sean-278262 20:31 24 Jun 10

Is it me or is buying a large screen TV these days just baffling. Currently in the market for a TV of at least 37inches and 1080p, but will happily consider larger screens as well.

My budget is about £400-500 as a maximum. However I also want something with a long warranty of at least 3 years for that price. Does anyone have any suggestions and the reasons why the suggest particular models?

As so far I have been looking for weeks but every day I do some searching I go back on to see the deals on the TV I am most tempted by to find another TV with same specs or a better price.

  john bunyan 21:23 24 Jun 10

I think Panasonic are the most reliable and normally offer a 5 year guarantee. All models fave freeview, some have built in HD Freesat and Freeview. I would look at the John Lewis website and see what you can afford!

  john bunyan 21:31 24 Jun 10

With that budget, J Lewis does 5 year guarantee on all their TV's. Samsung are good, as is Sony.

  ^wave^ 09:09 25 Jun 10

lcd or led has to be concidered to

  birdface 14:33 27 Jun 10

Currys are offering a 42"LG for £379 providing you part exchange with any old TV.
I would like to see there faces if they tried to lift my Old TV into their van.
It would take two very fit persons to lift it down my stairs and it should have come with a health warning.
I was indeed tempted by the price
but unfortunately i would also have to put a digital aerial up to get any pictures.

  sean-278262 16:12 27 Jun 10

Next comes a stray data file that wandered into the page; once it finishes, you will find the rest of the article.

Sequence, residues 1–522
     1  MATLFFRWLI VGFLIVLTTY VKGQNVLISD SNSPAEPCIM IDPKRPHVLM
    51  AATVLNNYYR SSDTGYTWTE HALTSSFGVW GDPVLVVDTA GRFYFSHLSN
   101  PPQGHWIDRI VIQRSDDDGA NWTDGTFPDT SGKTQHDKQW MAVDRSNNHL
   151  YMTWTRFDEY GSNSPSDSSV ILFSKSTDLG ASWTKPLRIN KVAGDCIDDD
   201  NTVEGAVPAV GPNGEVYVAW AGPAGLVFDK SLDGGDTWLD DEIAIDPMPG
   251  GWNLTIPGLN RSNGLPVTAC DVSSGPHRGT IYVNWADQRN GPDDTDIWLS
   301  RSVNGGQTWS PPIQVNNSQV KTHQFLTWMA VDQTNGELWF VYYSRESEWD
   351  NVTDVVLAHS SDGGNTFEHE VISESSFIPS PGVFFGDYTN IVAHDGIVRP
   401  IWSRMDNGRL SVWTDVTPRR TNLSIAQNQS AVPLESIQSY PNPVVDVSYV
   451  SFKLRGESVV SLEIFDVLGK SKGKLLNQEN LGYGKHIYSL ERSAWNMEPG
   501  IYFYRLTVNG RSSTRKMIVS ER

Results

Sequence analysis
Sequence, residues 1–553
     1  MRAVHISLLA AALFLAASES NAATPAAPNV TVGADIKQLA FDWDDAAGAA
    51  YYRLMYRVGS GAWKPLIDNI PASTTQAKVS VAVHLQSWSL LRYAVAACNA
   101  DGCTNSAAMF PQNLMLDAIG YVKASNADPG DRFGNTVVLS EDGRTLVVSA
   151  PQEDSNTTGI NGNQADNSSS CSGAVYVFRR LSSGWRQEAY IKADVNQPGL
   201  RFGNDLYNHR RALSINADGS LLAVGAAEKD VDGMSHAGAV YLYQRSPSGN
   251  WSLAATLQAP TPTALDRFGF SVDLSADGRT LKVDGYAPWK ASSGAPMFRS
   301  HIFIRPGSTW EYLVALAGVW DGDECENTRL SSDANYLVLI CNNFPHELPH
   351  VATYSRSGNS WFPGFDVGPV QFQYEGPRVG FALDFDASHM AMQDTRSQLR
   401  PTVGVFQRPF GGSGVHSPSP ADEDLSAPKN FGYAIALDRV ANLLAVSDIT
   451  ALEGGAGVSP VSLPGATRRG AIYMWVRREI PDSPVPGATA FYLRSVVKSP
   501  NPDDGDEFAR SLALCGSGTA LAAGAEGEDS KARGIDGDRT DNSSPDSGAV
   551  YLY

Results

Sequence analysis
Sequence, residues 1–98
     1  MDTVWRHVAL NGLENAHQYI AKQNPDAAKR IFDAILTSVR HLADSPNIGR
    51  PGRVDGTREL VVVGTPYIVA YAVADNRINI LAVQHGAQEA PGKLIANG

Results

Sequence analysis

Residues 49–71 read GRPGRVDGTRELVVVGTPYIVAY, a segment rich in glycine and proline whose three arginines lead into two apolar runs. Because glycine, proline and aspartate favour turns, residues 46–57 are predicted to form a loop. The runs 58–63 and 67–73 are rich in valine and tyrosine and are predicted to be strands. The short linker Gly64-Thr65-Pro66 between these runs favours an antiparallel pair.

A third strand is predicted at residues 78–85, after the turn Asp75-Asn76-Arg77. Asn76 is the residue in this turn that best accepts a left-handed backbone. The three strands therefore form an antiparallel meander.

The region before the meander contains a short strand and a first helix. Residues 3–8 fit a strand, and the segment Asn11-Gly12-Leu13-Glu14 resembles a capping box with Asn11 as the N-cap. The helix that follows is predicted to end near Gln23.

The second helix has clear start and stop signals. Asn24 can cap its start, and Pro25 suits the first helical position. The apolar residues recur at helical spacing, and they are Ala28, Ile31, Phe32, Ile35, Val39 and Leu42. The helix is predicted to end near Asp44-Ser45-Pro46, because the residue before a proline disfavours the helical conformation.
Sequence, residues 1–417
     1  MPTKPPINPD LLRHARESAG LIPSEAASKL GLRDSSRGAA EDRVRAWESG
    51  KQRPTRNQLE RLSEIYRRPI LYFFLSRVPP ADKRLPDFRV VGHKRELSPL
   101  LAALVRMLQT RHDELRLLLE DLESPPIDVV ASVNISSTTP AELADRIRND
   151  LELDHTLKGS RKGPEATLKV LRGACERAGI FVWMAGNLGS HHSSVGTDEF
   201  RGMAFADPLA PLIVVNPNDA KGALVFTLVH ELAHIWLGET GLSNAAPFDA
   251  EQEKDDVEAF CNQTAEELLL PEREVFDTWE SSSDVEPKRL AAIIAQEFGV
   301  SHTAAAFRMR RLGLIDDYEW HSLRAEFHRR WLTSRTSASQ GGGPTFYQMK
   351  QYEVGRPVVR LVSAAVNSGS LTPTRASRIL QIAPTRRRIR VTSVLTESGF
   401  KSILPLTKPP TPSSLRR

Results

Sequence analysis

Cheers for the suggestion buteman, I did see that TV earlier in the weekend on TV advertised but it is only HD ready so had to discount it despite the amazing price. I think what I am going to do is hold tight to my money for now and wait till LED TVs become more mainstream and 3d has taken on that bit more and re-evaluate the market. Cheers from everyone who took the time to reply.

I certainly never thought of John Lewis for TVs.

  BT 16:56 27 Jun 10

There's no such thing as a Digital Aerial per se.
If you have an external aerial and are getting good reception on analogue channels, chances are it will be good enough for Freeview. So called Digital aerials are in fact wide band aerials and will be necessary only in some instances.

We have a very old 7 element aerial and get excellent Freeview reception in Norwich from the Tacolneston transmitter about 12 miles away.

  anchor 13:30 25 Jul 10

I echo the remarks made by BT. Our old TV aerial was erected about 16 years ago; (long before digital was thought of). We live in Harrow, and receive transmissions from Crystal Palace.

It receives freeview signals fine; signal strength is given as 10; the maximum.

  tigertop2 17:35 30 Jul 10

It is surprising how good modern electronics are

I fitted a £13 Argos digital box to my ancient Daewoo 'tube' TV with its 8" looped wire aerial attached. Picked up 70 TV stations and dozens of radio stations from a transmitter 30 miles away. It has totally transformed the TV which struggled with analogue reception

The point I am making in a roundabout way is don't assume that your aerial won't cope. Reception can be very good via a cheap set top box even though the TV set can be old

Panasonic are great. You won't be disappointed

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